“Those are good reinforcing points: Rachel thinks the book is going to be about a cat on a ship because the cover shows a cat sitting on the deck of a ship.”
“Let’s go ahead and read our focus lesson book to see if Rachel’s prediction is correct.”
During reading we stop and discuss what the author means when she writes, “…calm seas and safe ports.” We refer back to our space unit to discuss the shape of the world when we discuss how people of long ago thought the world was flat.
We discuss the meaning of the words wary, hooded, delicately, strutted, etc. I do not discuss all of the vocabulary words as I do not wish to interrupt the flow of the story and lose my audience’s attention.
When the book is over I set it to the side and ask, “Can anyone give me a brief summary of what the book was about?”
I select a student to respond.
“Good summary Kallee. There was a cat that went on a ship and the cat was not as lucky as they thought, but they did all live.”
“Today at one of the work stations you are going to write about what is lucky to you. For example, I would write about how my pink rubbing stone is lucky because I always seem to find surprises in pockets after I have rubbed the stone.”
“Does anyone else have something that is lucky for them?”
I select a student to respond.
“Good one Shelby. Shelby says a wishing well is lucky because you get to make a wish and then it comes true.”
I select two or three more students to respond.
After their responses I say, “Do not worry if you did not get to tell me what your good luck comes from, because you are going to write about it at one of your work stations. You will find a writing paper that looks like this one (I hold up a sample for the students to see).”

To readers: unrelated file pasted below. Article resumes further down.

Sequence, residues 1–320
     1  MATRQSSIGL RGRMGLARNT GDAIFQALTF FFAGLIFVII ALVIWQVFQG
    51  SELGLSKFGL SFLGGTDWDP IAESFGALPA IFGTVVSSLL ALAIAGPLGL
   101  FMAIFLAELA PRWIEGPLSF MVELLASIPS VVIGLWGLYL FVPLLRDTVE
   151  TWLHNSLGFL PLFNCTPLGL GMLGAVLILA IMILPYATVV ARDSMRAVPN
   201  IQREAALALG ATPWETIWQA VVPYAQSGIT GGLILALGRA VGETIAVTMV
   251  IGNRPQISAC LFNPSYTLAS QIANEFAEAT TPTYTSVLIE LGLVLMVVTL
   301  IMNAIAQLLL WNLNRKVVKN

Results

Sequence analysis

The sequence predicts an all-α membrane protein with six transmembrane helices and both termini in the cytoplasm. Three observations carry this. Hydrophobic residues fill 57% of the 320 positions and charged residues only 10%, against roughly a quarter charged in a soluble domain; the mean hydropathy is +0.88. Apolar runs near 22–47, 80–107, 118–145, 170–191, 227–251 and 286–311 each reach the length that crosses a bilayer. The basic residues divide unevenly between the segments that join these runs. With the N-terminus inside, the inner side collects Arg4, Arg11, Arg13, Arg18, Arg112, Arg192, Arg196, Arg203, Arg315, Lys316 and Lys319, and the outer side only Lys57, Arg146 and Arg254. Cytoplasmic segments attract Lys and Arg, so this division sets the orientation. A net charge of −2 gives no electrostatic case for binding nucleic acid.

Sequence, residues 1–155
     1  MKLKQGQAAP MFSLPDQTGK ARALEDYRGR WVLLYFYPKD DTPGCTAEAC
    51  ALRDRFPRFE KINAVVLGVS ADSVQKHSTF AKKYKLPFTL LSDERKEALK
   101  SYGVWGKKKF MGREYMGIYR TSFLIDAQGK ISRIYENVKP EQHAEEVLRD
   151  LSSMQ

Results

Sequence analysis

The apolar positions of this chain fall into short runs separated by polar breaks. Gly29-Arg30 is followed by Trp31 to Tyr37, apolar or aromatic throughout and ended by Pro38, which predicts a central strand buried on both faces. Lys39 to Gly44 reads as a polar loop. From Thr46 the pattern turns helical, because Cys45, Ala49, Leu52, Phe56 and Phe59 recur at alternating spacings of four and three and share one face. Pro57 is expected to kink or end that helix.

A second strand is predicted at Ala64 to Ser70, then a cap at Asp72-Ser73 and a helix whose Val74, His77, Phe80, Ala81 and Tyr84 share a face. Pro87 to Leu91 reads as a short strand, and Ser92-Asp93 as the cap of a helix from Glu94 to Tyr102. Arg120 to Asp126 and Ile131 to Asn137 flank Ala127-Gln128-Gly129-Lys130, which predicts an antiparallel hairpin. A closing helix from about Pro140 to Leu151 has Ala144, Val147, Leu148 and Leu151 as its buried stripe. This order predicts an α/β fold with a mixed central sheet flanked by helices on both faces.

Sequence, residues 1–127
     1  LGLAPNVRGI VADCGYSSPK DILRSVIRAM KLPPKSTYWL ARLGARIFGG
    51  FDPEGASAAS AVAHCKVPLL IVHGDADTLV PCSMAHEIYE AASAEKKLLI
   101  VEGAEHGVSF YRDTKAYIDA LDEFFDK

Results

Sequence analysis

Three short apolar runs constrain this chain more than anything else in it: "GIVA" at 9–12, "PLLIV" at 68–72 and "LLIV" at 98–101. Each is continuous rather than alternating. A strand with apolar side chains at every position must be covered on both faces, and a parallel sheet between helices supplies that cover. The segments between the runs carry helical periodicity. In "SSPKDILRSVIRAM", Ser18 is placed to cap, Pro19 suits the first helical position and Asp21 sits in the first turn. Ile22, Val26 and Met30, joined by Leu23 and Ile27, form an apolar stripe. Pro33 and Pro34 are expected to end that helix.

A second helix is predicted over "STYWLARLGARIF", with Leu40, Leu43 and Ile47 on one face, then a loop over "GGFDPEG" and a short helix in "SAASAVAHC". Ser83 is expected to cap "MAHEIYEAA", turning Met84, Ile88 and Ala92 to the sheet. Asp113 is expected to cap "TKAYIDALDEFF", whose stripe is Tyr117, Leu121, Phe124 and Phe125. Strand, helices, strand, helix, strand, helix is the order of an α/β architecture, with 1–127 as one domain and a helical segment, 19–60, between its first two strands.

“First you will write your…?”
I allow the students to call out the response, “Name!”
“That’s right. I will be looking for your sentence to begin with a …?”
Again I let the students call out, “Upper case letter!”
“You guys are on a roll. I will need to see what between your words?”
The students call out, “Spaces!”
“You will support your sentence with a …?”
The students call out, “Picture!”
“Nice. I also want your work to be …?”
The students call out, “Neat and tidy!”
“Sounds like you are ready.”
“Does anyone have any questions?”
Once I feel the group has a good grasp of the instructions I send the students over one table group at a time to maintain a safe and orderly classroom. It usually sounds like this;
“Table number one let’s go have some lucky writing fun.
Table number two, you know what to do.
Table number three, hope you were listening to me, and
Table number four, you shouldn’t be here anymore.”
Allow the students 15 minutes to work on this activity. Set a visual timer and remind the students to look at the timer so they will use their time wisely.
WHY WRITING TO INFORM?